On July 4, 2017, America's Independence Day, the North Korean regime sent a message which was designed to strike fear into the hearts of revelling Westerners. The launch of an intercontinental ballistic missile, actively taunting America, is a sign that Pyongyang's cruel despot is one step closer to being a genuine nuclear threat.
Two weeks earlier, in Cincinnati, the student Otto Warmbier died in hospital. He had visited North Korea in January 2016 on a legal visa arranged by a Beijing-based travel agency. On departure he was detained, tried, and sentenced to fifteen years in prison for 'stealing' a political poster. Otto Warmbier was not seen again until his release last week in a comatose condition. He died on June 16.
These headlines provide glimpses into one of the world's most evil regimes, but they only scratch the surface of a far deeper problem. Moments when the brutality of the North Korean regime enter the Western public imagination remind us of the torrid conditions suffered daily by North Korean citizens.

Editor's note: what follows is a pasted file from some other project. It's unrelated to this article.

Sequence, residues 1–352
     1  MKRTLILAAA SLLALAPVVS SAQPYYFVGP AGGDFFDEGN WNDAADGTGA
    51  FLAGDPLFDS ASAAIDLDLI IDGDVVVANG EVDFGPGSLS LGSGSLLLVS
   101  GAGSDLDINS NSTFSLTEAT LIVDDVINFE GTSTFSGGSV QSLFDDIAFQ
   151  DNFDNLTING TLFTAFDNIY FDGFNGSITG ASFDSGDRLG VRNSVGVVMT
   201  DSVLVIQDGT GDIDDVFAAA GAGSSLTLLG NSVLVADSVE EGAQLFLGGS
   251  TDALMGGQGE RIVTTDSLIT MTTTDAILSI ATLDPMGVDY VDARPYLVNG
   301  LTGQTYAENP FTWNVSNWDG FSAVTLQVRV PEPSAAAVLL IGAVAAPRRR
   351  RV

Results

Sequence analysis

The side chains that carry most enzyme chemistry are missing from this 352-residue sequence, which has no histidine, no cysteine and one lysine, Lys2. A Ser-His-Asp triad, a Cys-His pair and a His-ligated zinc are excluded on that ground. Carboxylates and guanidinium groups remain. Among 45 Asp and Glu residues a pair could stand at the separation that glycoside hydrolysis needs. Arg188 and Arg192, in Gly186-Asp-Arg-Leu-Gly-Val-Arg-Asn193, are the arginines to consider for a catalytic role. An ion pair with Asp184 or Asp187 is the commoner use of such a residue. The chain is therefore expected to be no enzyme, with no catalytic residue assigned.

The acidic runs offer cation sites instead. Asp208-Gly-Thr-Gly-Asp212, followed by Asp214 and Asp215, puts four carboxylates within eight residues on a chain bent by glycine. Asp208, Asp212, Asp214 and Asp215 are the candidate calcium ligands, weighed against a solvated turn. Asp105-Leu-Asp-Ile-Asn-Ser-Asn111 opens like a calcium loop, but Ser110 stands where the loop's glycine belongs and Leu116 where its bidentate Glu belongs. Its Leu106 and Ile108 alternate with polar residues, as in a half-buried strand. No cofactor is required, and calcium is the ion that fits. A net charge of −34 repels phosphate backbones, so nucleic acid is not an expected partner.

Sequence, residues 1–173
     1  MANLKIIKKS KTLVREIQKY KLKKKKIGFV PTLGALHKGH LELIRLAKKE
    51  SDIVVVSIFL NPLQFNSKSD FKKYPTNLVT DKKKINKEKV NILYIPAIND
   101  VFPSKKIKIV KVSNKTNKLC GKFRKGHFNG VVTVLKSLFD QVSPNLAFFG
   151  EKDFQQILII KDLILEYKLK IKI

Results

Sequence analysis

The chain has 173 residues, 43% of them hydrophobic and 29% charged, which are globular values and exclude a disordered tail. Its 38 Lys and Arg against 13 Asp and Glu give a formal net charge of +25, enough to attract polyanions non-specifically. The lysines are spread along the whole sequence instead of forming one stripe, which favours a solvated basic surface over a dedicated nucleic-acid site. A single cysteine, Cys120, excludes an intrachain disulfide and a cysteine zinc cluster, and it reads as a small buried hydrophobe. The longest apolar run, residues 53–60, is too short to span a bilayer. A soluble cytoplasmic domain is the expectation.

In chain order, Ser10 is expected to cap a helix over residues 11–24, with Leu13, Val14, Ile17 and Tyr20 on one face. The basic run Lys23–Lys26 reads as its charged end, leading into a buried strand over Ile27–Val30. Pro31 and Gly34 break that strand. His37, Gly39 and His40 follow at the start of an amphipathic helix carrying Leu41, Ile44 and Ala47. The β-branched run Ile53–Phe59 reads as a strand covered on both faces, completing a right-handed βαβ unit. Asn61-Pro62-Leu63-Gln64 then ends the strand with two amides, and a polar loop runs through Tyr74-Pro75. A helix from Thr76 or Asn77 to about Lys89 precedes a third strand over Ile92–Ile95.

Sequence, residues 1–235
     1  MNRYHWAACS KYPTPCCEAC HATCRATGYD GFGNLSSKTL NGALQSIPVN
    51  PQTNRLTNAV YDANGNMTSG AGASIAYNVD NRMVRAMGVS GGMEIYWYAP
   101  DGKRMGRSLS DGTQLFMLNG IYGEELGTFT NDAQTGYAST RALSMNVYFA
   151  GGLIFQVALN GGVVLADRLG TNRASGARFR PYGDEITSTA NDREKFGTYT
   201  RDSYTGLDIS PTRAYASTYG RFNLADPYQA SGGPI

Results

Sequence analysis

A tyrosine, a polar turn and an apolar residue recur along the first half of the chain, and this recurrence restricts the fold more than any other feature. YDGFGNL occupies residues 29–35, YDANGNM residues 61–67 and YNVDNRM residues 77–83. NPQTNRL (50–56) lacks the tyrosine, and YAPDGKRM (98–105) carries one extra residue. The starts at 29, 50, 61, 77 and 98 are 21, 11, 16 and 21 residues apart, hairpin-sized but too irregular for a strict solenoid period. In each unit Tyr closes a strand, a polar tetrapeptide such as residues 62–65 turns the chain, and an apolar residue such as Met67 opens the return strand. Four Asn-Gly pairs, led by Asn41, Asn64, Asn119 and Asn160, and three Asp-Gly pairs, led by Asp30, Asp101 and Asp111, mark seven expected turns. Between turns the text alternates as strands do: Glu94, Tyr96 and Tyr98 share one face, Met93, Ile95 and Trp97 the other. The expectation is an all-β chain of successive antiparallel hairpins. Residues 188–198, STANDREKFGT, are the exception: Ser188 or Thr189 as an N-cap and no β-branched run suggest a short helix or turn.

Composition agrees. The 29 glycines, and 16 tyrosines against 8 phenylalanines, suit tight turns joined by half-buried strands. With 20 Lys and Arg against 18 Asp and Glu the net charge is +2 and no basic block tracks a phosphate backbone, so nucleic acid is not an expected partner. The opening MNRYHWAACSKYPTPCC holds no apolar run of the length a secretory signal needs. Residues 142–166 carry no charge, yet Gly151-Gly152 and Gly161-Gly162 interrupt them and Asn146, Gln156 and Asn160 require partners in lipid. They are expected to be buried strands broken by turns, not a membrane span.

Kim Jong-Un, the leader of the country, is a despot who stands accused of crimes against humanity and should be called before the International Criminal Court.
Gulags and concentration camps should have no place in the 21st century. Yet the North Korean regime has imprisoned between 100,000 and 200,000 political prisoners and consigned them to prison camps where they are subjected to slave labour and torture. Hundreds of testimonies of escapees tell of prisoners forced to scavenge for rats and snakes because prison rations are so poor.....